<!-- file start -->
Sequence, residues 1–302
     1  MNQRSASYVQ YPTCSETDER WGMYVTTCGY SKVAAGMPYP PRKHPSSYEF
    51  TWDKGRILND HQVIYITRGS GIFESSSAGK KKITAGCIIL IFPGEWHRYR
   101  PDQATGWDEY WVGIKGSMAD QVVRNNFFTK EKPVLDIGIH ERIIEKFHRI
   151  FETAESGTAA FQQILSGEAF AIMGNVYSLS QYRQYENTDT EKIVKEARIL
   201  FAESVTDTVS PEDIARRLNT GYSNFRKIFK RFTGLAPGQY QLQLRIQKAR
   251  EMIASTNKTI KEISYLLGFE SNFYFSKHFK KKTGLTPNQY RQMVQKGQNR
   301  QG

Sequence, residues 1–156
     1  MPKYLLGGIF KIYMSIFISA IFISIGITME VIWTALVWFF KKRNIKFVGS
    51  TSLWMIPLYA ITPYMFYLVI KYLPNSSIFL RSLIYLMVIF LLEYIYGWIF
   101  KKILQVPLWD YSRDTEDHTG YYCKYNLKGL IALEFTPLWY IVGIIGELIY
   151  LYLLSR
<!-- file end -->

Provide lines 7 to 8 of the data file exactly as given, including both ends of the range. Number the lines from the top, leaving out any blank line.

   251  EMIASTNKTI KEISYLLGFE SNFYFSKHFK KKTGLTPNQY RQMVQKGQNR
   301  QG